Dan Martin: Heat was really on during Tour de France first stage
Main plan was to stay cool before the time trial, which meant ice on neck and wrists
Spectators try to cool off with cold water on the side of the street during first stage of the 2015 Tour de France in Utrecht, Netherlands. Photograph: Marcel van Hoorn/EPA
Saturday, stage one, 13.4km individual time trial in Utrecht:
What is my third Tour de France got underway on Saturday with an individual time trial around the streets of Utrecht in the Netherlands. Apart from the huge crowds, the big feature of the day was the heat: it was sweltering.
In fact, it was so hot that I had to cut my warm-up short. It was 35/36 degrees and my legs were starting to get heavier and heavier. After I stopped the warm-up, I just took it easy for 15/20 minutes before the start and tried to regulate the core temperature.
It has been shown there is a performance advantage to staying cool. We have special ice jackets we wear, and the team also filled some tights with ice and put them around my wrists and around my neck. The whole idea is to cool the blood and, with that, to bring the core temperature back down before the time trial.
That has a big effect on performance and it was a battle to keep that right.
Even with that done, at the end of the 15-minute time trial we were all completely knackered by the finish line.
We noticed on the course there was a headwind on the way back, so I deliberately took it quite easy on the way out. I tried to stay relaxed in the first 5km and just concentrate on my aero position. On the way back I used the energy I saved to really put the power down.
That seemed to work well as I averaged the same speed on the way back as I did on the way out.
Those who went off earlier had an advantage as the wind picked up towards the end. I ended up 95th in the time trial. It was hard to be happy with that, but while I know I could have done better in some of the corners, there was nothing much to gain by taking chances.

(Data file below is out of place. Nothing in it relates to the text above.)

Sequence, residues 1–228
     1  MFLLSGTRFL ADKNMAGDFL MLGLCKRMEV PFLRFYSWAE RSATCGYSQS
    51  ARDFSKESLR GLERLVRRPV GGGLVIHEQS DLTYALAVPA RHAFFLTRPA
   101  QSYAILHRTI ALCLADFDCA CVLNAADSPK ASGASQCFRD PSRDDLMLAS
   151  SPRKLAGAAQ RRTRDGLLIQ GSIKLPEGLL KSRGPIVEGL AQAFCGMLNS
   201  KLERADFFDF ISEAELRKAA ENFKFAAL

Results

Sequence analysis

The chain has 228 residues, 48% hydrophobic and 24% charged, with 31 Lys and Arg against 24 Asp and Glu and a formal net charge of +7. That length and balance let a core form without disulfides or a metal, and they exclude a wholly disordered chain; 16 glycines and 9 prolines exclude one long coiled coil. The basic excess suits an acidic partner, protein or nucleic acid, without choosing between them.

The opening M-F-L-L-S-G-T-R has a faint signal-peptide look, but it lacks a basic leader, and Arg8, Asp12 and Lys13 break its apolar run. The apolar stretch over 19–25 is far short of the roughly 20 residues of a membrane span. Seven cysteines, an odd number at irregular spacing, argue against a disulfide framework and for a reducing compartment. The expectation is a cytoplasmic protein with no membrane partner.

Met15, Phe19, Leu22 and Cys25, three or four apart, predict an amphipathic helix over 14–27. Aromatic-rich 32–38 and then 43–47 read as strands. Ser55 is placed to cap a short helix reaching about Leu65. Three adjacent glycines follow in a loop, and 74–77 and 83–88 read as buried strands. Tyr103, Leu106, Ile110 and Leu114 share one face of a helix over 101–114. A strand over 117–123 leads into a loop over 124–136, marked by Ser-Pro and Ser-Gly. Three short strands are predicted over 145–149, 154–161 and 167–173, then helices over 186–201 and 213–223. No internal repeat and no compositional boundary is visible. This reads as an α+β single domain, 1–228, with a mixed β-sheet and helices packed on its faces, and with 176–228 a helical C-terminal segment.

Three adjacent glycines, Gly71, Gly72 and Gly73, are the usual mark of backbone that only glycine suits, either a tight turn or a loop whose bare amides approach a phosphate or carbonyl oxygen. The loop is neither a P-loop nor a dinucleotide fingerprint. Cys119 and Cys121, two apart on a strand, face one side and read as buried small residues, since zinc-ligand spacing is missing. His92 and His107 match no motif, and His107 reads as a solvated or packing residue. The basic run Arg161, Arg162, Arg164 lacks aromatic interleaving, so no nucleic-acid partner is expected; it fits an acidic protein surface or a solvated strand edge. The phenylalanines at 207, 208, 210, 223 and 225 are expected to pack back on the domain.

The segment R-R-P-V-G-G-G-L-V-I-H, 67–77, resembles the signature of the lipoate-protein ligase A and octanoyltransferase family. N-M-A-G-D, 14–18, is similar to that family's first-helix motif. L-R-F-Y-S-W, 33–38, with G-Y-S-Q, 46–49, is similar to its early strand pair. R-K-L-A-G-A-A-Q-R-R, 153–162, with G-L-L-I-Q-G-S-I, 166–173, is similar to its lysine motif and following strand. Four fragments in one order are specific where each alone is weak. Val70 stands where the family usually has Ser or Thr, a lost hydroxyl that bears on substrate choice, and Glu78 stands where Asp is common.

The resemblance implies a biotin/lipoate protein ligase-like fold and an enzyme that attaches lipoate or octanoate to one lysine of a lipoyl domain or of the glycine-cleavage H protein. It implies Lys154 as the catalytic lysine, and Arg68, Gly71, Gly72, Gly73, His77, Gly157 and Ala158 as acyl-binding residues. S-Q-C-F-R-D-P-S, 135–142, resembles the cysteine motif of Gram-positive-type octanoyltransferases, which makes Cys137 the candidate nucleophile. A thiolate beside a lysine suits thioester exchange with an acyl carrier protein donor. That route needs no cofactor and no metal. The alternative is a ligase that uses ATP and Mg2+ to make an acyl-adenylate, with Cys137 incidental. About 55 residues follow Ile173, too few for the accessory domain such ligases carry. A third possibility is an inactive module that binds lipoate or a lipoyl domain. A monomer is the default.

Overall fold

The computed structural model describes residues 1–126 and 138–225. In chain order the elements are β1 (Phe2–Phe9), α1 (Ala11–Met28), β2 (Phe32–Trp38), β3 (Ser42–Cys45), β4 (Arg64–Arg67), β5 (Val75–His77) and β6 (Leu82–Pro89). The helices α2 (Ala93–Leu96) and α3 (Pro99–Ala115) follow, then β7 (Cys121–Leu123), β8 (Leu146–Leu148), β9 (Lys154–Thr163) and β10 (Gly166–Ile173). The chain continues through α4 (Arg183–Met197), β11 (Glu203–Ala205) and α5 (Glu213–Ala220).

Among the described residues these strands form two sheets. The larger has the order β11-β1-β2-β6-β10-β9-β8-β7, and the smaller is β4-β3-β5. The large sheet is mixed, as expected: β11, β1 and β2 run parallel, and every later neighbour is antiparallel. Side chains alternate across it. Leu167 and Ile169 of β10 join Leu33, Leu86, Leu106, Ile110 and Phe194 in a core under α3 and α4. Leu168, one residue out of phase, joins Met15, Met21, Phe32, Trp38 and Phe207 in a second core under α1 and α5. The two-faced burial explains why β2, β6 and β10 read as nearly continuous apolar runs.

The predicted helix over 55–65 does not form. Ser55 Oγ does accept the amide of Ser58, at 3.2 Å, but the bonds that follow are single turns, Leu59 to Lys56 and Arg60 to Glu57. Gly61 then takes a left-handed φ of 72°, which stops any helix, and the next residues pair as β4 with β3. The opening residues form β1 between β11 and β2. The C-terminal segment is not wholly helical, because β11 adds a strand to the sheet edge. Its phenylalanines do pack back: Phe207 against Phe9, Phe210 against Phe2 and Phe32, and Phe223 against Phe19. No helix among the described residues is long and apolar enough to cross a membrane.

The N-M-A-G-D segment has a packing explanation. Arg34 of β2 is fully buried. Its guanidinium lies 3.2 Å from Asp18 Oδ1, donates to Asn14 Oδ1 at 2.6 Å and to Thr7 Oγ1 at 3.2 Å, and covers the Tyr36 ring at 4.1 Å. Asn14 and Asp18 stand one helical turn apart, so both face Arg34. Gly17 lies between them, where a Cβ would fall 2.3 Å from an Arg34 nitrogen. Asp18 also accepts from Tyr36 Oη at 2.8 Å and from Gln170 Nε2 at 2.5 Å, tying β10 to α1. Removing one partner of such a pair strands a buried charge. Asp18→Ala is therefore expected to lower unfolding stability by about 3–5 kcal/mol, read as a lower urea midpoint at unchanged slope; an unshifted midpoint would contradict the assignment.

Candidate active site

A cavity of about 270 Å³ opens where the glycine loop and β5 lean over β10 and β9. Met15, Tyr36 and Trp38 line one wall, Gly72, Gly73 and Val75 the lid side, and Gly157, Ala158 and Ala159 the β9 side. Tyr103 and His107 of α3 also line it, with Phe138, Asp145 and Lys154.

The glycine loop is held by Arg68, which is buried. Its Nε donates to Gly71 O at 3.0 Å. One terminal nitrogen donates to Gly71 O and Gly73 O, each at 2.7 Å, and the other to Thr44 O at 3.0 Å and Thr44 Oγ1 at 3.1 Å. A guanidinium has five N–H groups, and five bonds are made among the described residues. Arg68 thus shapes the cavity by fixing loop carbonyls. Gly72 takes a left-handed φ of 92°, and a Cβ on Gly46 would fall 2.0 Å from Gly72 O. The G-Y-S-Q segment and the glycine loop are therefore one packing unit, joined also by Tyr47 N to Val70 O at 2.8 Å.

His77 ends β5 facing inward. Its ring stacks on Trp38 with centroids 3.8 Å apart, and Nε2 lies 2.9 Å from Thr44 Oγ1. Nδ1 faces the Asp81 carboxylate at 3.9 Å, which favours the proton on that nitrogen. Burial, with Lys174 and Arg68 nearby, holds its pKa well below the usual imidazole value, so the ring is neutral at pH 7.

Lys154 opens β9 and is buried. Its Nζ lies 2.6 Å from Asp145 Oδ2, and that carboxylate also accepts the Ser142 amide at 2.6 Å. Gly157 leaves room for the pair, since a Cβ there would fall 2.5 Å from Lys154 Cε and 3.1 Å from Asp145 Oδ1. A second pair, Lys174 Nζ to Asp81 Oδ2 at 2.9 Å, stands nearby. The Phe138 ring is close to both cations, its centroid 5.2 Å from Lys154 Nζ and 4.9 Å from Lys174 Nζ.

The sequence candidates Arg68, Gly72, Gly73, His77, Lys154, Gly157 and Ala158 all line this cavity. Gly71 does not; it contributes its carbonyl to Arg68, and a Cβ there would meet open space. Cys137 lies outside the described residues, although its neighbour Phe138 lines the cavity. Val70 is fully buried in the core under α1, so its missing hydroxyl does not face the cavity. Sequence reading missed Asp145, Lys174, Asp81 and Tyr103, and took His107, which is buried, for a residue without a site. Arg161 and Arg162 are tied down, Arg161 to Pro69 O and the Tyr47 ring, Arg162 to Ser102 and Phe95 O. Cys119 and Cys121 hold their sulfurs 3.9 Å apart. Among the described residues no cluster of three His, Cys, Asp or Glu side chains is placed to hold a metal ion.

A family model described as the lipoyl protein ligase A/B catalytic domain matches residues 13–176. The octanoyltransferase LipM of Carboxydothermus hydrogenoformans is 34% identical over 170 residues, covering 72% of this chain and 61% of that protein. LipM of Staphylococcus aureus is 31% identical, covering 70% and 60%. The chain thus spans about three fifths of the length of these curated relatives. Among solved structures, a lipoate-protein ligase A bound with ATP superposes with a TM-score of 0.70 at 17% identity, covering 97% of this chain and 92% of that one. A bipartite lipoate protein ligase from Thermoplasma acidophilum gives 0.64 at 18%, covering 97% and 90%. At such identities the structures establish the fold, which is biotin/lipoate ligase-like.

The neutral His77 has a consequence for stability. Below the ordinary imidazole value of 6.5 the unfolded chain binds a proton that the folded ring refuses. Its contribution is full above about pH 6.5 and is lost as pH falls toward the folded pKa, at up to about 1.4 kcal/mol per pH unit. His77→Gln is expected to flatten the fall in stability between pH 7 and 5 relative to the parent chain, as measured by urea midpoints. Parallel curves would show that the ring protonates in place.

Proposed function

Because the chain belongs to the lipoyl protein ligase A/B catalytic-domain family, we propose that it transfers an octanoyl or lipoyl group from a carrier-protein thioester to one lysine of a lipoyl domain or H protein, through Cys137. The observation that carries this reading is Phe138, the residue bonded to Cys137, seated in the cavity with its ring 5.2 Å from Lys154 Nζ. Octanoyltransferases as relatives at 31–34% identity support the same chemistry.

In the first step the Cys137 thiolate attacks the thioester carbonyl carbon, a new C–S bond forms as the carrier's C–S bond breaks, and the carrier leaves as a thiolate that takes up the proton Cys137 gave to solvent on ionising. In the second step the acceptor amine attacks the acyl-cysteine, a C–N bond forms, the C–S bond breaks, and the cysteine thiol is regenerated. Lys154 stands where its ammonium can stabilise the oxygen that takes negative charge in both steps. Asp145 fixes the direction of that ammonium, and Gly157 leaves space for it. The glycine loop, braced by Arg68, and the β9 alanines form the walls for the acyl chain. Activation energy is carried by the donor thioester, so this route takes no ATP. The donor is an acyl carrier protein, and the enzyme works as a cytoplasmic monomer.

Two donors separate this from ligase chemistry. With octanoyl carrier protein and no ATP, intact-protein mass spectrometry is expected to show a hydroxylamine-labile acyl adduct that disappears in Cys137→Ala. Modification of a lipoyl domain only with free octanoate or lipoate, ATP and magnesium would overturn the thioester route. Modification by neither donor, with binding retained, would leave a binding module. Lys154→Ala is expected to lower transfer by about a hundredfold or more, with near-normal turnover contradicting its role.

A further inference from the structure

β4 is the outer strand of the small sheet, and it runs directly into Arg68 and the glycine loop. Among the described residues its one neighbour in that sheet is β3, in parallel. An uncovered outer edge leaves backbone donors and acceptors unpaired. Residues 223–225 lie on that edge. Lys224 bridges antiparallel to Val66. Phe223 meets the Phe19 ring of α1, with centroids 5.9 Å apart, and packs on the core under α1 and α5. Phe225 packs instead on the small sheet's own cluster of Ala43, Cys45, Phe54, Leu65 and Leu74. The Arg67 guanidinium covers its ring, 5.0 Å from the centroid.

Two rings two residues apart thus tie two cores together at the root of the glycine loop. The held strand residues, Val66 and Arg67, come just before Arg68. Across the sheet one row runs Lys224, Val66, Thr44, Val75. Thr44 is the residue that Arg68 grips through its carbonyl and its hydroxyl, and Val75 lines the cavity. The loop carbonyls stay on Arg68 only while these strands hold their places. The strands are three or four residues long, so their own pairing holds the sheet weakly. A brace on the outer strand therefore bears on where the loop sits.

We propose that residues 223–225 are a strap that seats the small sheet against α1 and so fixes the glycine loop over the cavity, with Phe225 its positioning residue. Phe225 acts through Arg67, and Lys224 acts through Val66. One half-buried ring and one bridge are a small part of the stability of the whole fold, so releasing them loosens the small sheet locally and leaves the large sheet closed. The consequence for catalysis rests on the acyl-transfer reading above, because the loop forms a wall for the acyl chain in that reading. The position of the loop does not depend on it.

Losing an extra 10 seconds is better than crashing. Getting through safe and sound was the most important thing, and so overall it wasn’t a bad day.
There was a lot of talk afterwards that the winner, Rohan Dennis, had set the fastest average speed ever. The race organisers said beforehand the time trial was 13.8km, but it ended up being 400m less than that.
This means the real average pace was less than the 55.446 quoted afterwards. Rohan is a friend, but the real course distance means the speed was a bit more realistic than was first said. He missed out on the record, but he took a great win.
Sunday, stage two, 166km from Utrecht to Zeeland
The first road stage of the Tour ended up being a tough one; it was completely flat but, due to some really exposed roads along the coast plus strong winds and rain, it was probably the most intense first day of racing I have ever had.
Even when the breakaway went at the start, we never went below 45km per hour. We were just going flat out all day and fighting for position.
Then the split happened. We were in a really good position before it happened, sitting in a group of 40 riders. We went through a town and there was a central division in the road with all the roundabouts.
Myself and my team-mate Andrew Talansky were near Vincenzo Nibali, last year’s race winner. Then we hit this patch of diesel. I didn’t go down but Nibali and Andrew and the Frenchman Romain Bardet all hit the deck.
I got stuck behind a bike and ended up delayed with Nibali.
It was pretty frustrating; the problem only happened on one side of the road. Basically if you were on the left-hand side of the division you didn’t make the front group and lost time. If you were on the right-hand side you made the front group. It was that simple.
There weren’t that many general classification riders in the front group, so it wasn’t a total mess of a day but it could have been a lot better.
Next up is the third stage, which finishes at the top of the Mur de Huy climb. That’s usually the finish of the Flèche-Wallonne race and the climb really suits me. I’ve finished second, fourth and sixth in that race before and so I hope to be fighting for the win on Monday.
The tactics are quite simple; get to the bottom of the climb near the front and then, with just over a kilometre to go, it is just a race to the top from there.
There is no science behind the climb. It is a case of judgment of pace and hopefully I have enough experience of it from the past to be able to do things perfectly right.
I won my first Tour de France stage in 2013 and, two years later, I’d love to do so again.